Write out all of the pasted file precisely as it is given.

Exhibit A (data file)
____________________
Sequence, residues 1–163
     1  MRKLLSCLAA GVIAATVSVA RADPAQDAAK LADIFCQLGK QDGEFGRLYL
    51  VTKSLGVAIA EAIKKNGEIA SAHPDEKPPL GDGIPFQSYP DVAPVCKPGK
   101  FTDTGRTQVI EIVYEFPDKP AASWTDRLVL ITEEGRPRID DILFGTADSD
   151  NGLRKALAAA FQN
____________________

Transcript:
Sequence, residues 1–163
     1  MRKLLSCLAA GVIAATVSVA RADPAQDAAK LADIFCQLGK QDGEFGRLYL
    51  VTKSLGVAIA EAIKKNGEIA SAHPDEKPPL GDGIPFQSYP DVAPVCKPGK
   101  FTDTGRTQVI EIVYEFPDKP AASWTDRLVL ITEEGRPRID DILFGTADSD
   151  NGLRKALAAA FQN